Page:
After each rain, clumps of thistles began to sprout and bloom everywhere in the pastures and around the yards, from seeds brought in by the flood. We don’t want to poison unwanted weeds, but we don’t want thistles spreading, either, so Jerry hooked his mulching mower behind the tractor and started chopping. He was finishing a patch near the corrals when a duck flew out of the tangle of weeds almost in front of the tractor tire. He drove away and then cautiously explored on foot until he found the nest: eggs tucked deep among the stems of sturdy amaranth and thistles. He steered wide around that patch, leaving the weeds tall. My lessee turned cattle into the small pasture. Grazing the grass shorter now cuts down on the danger of fire from the weeds as they dry in the fall. Also, some of these weeds are only attractive forage for cattle when they are young and green; if they’re too dry the cows won’t eat them.

One day we got two inches of rain in about an hour, and the gully streams of water and debris swept through the nest area. For three days the muddy mess trickled through the corrals. We didn’t want to disturb the duck if she’d survived, but we were afraid the eggs had been washed away. From our dining room windows, we could watch the cows tromping and grazing close to the nest location, so we decided the duck must be gone.

“I’ll show you where the nest was,” Jerry said, as we drove past one day. He parked well away from it and we walked carefully but neither of us could find it.

“Gone,” we concluded. As I reached for the pickup’s door handle, the duck squawked and flapped up beside me, inches from a back tire. There was the nest, intact. Jerry backed the pickup away very carefully.

Nature - cattle did not trample duck nest

One day my lessee came on his four-wheeler and his son brought a pickup and 40-foot trailer. They unloaded twenty or thirty head of cattle and drove them through the duck’s neighborhood into an adjoining pasture. Then they rounded up the remaining cows and chased them through the gate beside the duck’s nest. Watching from our house, holding our breath, we both expected the duck to fly up out of the stampede, but saw nothing.

Surely this time she was gone.

The next day, we ventured into the area again. We tiptoed close, and saw the duck secure on her nest, bright eyes watching us. Nature’s choice was taking care of that duck.

What does the duck have to do with writing?

She had determination, for one thing. She did not quit when the equivalents of tsunami, earthquakes and floods roared over her.  She hunkered down and stayed with her job, hatching those eggs.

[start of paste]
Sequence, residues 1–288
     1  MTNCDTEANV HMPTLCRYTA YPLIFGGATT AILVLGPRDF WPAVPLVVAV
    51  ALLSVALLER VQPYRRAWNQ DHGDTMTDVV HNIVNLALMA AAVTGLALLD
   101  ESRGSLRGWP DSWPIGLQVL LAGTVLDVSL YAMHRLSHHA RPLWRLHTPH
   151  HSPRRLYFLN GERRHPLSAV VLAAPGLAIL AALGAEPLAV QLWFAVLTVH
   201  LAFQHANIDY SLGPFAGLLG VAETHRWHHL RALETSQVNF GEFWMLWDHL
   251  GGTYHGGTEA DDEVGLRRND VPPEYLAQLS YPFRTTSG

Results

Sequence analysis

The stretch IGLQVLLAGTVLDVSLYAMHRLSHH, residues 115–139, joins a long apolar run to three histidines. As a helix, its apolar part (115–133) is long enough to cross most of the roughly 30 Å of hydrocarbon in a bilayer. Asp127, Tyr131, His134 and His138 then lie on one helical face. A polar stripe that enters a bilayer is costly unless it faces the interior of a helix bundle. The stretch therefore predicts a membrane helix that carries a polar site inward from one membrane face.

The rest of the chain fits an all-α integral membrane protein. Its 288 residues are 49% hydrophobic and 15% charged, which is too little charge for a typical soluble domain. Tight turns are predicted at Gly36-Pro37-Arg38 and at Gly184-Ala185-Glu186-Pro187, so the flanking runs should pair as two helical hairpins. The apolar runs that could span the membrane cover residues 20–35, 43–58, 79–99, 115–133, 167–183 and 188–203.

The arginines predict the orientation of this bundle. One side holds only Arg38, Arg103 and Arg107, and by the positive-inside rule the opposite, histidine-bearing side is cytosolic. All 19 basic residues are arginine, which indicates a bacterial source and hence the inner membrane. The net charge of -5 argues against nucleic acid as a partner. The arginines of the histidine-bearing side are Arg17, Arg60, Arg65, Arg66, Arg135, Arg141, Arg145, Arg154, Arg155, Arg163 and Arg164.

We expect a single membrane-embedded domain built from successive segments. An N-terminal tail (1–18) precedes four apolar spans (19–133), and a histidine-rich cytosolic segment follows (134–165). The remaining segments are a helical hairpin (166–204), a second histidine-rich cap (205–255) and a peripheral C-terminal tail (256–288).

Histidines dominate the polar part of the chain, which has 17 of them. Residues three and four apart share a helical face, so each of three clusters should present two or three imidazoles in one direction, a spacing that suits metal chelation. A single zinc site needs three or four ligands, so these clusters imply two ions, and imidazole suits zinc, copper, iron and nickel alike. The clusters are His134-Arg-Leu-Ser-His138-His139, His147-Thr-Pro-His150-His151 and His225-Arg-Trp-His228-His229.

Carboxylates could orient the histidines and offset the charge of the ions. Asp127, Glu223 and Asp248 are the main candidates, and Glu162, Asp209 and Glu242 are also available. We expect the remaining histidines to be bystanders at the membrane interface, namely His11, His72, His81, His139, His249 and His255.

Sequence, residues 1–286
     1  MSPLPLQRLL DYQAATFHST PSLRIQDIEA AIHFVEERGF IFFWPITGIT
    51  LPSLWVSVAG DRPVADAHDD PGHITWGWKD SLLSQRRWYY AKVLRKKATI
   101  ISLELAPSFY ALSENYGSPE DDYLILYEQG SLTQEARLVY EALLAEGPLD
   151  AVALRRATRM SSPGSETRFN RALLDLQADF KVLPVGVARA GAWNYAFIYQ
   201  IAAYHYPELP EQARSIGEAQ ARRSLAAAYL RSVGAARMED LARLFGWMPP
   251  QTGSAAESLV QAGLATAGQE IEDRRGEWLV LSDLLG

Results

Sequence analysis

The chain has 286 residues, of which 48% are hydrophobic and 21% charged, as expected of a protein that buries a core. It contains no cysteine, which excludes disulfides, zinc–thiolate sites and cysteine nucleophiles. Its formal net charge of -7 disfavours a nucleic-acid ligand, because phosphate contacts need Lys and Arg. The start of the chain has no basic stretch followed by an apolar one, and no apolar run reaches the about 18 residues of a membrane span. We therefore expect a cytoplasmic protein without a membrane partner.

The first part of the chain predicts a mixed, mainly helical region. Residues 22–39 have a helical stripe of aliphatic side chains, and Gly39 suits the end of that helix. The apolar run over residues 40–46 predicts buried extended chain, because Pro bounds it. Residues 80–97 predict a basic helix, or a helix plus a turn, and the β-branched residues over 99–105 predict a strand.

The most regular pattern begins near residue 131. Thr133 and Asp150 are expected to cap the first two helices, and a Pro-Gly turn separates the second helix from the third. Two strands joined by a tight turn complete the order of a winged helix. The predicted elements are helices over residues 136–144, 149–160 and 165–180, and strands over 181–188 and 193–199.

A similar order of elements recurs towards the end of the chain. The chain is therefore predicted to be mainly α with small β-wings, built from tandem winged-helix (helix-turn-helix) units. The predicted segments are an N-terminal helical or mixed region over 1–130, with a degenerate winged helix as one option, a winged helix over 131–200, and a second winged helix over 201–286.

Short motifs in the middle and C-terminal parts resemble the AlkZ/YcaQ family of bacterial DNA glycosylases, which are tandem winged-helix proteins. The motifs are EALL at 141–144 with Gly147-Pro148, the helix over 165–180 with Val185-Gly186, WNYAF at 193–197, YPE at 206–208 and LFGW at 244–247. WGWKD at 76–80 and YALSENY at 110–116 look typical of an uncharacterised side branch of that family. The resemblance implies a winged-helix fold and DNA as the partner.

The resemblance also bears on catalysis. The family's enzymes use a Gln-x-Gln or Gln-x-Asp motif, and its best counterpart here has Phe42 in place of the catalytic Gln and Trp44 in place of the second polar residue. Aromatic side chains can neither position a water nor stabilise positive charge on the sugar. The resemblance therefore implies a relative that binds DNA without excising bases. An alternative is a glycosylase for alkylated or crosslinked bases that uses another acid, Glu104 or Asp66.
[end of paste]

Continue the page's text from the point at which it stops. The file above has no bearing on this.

Nature - Duck Family 2014--7-28

Writers need to be just as determined—not necessarily to succeed, or to get rich, but to keep writing. My routine of observation was reminding to notice more about the nature around me than the familiar ranch scenes of calves, grass growing, and fences falling down. If I’d concentrated on the things I usually noticed, I’d have missed a great deal that I might write about. Few writers can predict in advance what scrutiny might be useful.

During the summer, several generations of baby rabbits discovered that the tires my father piled around the windbreak trees he planted in his yard make wonderful hiding places. About the time they get out on their own to forage, the bunnies discover that they can stroll into a tire as if it were a burrow to be sheltered from the snow, rain and wind. Knowing this, we try to keep our dogs away from the tires.

Our Westie Cosmo forgets many of the things we’ve tried to teach him, but he either remembers or rediscovers the bunnies’ hiding places every year. Inevitably, we’ll get absorbed in a conversation and then hear excited yips and discover the dogs have a rabbit caught inside the tire.

Nature - Rabbit on porch 2018Both dogs will shove their heads inside a tire, and then move toward each other, trapping the rabbit between them. Eventually one of them is able to bite the rabbit, which squeals and excites the other dog into biting whatever he can reach. By the time we hear the shrieks, the dogs are yanking on the rabbit from opposite directions and we’re too late to save it. Nature’s policy in this case is cruel, so one of us finishes killing the bunny.

Despite the dogs’ enthusiasm for rabbit hunting, rabbits regularly hop up one or two steps toward our deck, apparently to look over the surrounding territory. Similarly, by mid-summer, I was able to look over a list of a half-dozen examples of Nature’s strategies.

Several times we saw a familiar sight: a hawk flying up from a gully, pursued by a pair of red-winged blackbirds. When hawks prey on the nests, the redwing parents defend their territory by flying above the hawk and diving down to peck at its head as it dodges and screams. As the hawk moves down the valley, pair after pair of birds rise up from their neighborhoods and take over the defense, until the hawk is driven away.